possible.  He encouraged senators to ask

questions, either from their own personal perspectives or those from those of

their constituents.

Morishita distributed a handout

explaining the campus budget and a three-page document from the University

Budget Committee that was shared with the Senate Executive Committee that

morning.  These may be revised by taking

into account any revenue changes.  The

figures have been based on the Governor’s budget with $8 million coming from

increased fees.  The Governor has

proposed one set of increases while the CSU has countered with a different

plan.  Reductions total $14 million this

year; this is a transitional budget.

The far right column addresses the 2003-04

reduction to the budget before the Governor’s budget.  It shows how we will address the shortfall.  There remains a $13.9 million problem for next

year.  This does not include the student

fee increase, endorsed by the students but still awaiting the Chancellor’s

signature, a situation that is hopeful but not yet definite.

Senator Houlberg noted the beginning of the

“bloodletting” and asked when the campus would know more.


Edwards suggested waiting until the end of the talk for discussion

questions, unless there were clarification issues.

Senator Steier asked what the acronym SEVIS

meant in the document.

Morishita was not sure but indicated

that it tracked the international students’ data. [Official title is Student & Exchange Visitor Information System -

recorder’s note.]

Morishita noted that the second sheet

of the Operating Budget hand out showed the campus response to permanent

reductions.  There was a CMS reduction, a

Master Card reduction, and a classroom improvement reduction. The third column

showed a savings of $11.8 million.  On

the Cabinet Area Reduction Summary the column in blue is based on the

Governor’s proposed budget.  SFSU has

taken $1 million out of deferred maintenance, which will need to be replaced,

but not immediately.  In executive areas,

there were cuts in student assistants, as well as the close of the Office of

Human Relations, which by consolidation has saved $400,000.  The work study match is reduced.  All these have reduced general fund, but there

is still more to do.

Gemello noted that Morishita

had pointed out ways that we have to reduce the $10 million shortfall.  He wanted to outline where we are for planning



planning processes exist: a long range plan, which will address what would be best for the university in terms of its

programs, and also a short range plan that would be similar to this year,

involving across the board cuts although of greater magnitude.  The university will possibly apply some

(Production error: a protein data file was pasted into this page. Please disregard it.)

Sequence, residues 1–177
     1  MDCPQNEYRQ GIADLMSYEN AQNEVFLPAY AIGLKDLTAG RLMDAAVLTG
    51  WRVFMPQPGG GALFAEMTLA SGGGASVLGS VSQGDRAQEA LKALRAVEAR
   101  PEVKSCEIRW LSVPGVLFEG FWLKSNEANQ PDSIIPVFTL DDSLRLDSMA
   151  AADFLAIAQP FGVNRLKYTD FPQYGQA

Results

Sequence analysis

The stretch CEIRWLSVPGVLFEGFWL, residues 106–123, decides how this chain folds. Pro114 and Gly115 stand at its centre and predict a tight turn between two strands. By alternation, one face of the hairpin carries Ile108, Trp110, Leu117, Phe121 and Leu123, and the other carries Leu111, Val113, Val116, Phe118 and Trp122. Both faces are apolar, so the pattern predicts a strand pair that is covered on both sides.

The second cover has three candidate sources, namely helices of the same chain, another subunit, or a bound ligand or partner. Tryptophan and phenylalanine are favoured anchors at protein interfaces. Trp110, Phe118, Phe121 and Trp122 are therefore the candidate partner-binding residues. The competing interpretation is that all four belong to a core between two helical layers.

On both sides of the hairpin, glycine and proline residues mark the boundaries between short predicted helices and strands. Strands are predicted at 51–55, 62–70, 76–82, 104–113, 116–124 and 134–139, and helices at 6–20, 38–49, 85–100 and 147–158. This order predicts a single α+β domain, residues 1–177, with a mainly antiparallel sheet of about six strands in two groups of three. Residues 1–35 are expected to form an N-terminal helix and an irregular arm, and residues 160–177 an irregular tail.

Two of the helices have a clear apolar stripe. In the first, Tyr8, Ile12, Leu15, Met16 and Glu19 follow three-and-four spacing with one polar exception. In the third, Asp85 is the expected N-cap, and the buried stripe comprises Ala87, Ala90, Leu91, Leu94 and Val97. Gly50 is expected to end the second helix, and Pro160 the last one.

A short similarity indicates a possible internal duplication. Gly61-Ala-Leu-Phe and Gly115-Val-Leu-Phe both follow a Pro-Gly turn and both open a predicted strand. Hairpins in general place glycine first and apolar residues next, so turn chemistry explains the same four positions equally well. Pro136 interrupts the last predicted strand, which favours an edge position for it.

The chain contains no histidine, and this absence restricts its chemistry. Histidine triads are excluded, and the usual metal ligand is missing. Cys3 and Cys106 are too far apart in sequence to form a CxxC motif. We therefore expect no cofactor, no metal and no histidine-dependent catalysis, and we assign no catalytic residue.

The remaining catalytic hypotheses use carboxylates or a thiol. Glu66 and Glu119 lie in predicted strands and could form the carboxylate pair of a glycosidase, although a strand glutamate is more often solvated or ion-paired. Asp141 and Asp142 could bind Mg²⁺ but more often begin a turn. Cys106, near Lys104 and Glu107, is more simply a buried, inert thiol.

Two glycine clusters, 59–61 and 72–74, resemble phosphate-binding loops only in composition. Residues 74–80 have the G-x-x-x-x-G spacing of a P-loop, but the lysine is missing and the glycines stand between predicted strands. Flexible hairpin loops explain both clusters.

short-term reductions to get through the year and the long-range plan would be

for fall 2006.

Gemello thought the goal was to

have a plan by the end of April and wanted to know if senators found that

feasible and presented an outline of the plan.


university has identified $800,000 coming from units reporting directly to the

Provost. A second stage would be the phase-out of general fund remedial courses

by fall 2006.  We might offer classes through

continuing education or through the community colleges.  We will need to wait two years for this phase so there will be adequate

time for testing.


remainder of the reductions would come from programmatic reductions, and he

reminded senators of the broad vs. deep and narrow approaches, and the

administration’s preference for the latter. He pointed out that some units

could not handle the reductions. The campus administration has decided, with

input from a variety of campus bodies, how to continue with the reductions. He

has met with College Deans, the Senate Executive Committee, the Senate and

Department Chairs, as well as conducting Town Hall meetings each month, and

everywhere there has been some discussion.


current plan is for the Deans to meet during the following week and then

provide their proposals. The Deans would make their cases, and then he and the

President would make a plan to bring before the University Budget Committee.

No programs would be identified before then, but for

unusual reasons, two programs have been named already.


College of Business has some plans to move some degrees to a self-support

system. One reduction approach is to reduce the general fund, and another

approach is to keep programs but fund them differently and not from the general

fund.  He commented that the College of Business has a better chance to go